St. Patrick’s Day is approaching, and the green beer will be flowing. If a few pints of Guinness are in your holiday plans, there are steps you can take to ensure that driving under the influence won’t be a part of your celebration.
Before heading out for St. Patrick’s Day festivities, make a plan for how anyone in your party who’s been drinking will get home. One popular option is to appoint a designated driver. Kathryn Henry from the National Highway Traffic Safety Administration advises, “Designate a sober driver anytime you’re getting together and partaking of alcohol.”
A cab ride or public transportation can also get you home safely. Look up taxi company phone numbers or bus schedules ahead of time, so you have the information you need on hand.
Waiting until morning to go home is another way to avoid driving under the influence. For a party in someone’s home, ask if you can spend the night there. If the party you are attending is in a hotel, be proactive and book a room for the night.
“Friends don’t let friends drive drunk.” It’s an old saying, but it’s still true. Keep an eye on the other people with whom you’re celebrating, and do whatever it takes to stop anyone from driving under the influence.
Henry encourages prevention as a first step. She suggests, “If possible, prevent the friend from getting drunk in the first place.” It’s hard to reason with a drunk person, so if you can encourage her to avoid drinking excessively, things may be easier on everyone in the long run.
Trying to stop an intoxicated person from driving can provoke angry reactions. Keep your tone light and calm, and try to avoid a scene that will embarrass your friend. Explaining that you just want your friend and others on the road to be safe can soften the blow.
If the person insists on driving, ask a few others to help you talk to him or her. Sometimes just making it a group effort can do the trick.
If reasoning with your friend doesn’t sway him or her, you may have to resort to stronger measures. First, try to take away the car keys. If that fails, you might try physically restraining your friend or removing a car tire. As a last resort, call the police. No matter what it takes, in order to save lives, it’s crucial to prevent drunk driving.
If you host a St. Patrick’s Day celebration that involves alcohol, do your part to get your guests home safely. Serve a good selection of food and non-alcoholic beverages, so guests aren’t drinking on an empty stomach. However, salty snacks can make guests thirstier, thereby drinking more, so offer more than just chips and pretzels.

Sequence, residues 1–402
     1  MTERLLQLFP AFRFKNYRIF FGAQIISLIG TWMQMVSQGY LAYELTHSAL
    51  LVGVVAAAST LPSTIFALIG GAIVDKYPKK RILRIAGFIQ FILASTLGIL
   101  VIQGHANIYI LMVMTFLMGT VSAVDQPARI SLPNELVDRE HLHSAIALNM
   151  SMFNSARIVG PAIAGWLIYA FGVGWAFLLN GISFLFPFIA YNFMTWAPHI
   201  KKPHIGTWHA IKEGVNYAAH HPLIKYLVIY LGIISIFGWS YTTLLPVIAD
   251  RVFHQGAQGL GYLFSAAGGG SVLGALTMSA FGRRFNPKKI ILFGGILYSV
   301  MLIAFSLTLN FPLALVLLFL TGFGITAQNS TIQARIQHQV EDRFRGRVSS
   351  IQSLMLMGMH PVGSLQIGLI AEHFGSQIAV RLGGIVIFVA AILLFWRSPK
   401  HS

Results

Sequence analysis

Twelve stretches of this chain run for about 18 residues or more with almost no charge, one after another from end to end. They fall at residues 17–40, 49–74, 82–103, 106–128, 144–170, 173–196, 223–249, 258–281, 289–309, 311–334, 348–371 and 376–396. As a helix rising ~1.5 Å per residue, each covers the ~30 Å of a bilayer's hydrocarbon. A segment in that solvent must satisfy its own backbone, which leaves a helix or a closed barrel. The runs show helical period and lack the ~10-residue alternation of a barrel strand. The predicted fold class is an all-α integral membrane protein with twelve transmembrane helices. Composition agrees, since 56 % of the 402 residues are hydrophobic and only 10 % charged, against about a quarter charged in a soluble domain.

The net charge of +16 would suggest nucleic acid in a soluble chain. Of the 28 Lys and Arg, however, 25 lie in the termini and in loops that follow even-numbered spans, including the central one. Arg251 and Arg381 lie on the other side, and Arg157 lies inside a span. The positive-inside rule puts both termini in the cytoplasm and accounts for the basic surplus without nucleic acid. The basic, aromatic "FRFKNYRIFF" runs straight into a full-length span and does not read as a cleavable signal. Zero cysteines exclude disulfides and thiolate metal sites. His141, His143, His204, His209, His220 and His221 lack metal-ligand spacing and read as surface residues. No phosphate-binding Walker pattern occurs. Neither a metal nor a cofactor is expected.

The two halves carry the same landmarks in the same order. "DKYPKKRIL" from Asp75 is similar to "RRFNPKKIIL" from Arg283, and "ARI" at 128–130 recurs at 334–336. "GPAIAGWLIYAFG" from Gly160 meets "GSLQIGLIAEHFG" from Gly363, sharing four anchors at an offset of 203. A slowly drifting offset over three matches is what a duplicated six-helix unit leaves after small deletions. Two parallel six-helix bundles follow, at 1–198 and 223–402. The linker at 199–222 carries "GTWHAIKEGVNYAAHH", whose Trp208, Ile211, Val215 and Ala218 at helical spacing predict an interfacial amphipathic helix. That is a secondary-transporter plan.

Put the alcohol away 1.5 to two hours before the end of the party. This gives people time to sober up before heading home. Entice guests to stick around even after the alcohol’s been put up by serving dessert and coffee at this time.
See to it that none of your guests drive home under the influence. Make sure that some designated drivers are on hand to provide rides home. Before the party, research cab companies, so you have numbers on hand to call if necessary. If nothing else, let people crash on your couch until they’re in better shape to drive.
At last [wine] biteth like a serpent, and stingeth like an adder. —Proverbs 23:32
The Bible cautions that drinking, especially excessive drinking, can have significant repercussions. One of the most devastating of those is car accidents caused by drunk drivers. Henry warns that driving under the influence can be “deadly for the person drunk and more often, the innocent victim who dies because someone chose to drive drunk.”
Fortunately, there are ways to protect yourself and your friends from getting behind the wheel while impaired. Planning ahead for a safe celebration can save many lives.
What tips do you have for safe driving on St. Patrick’s Day?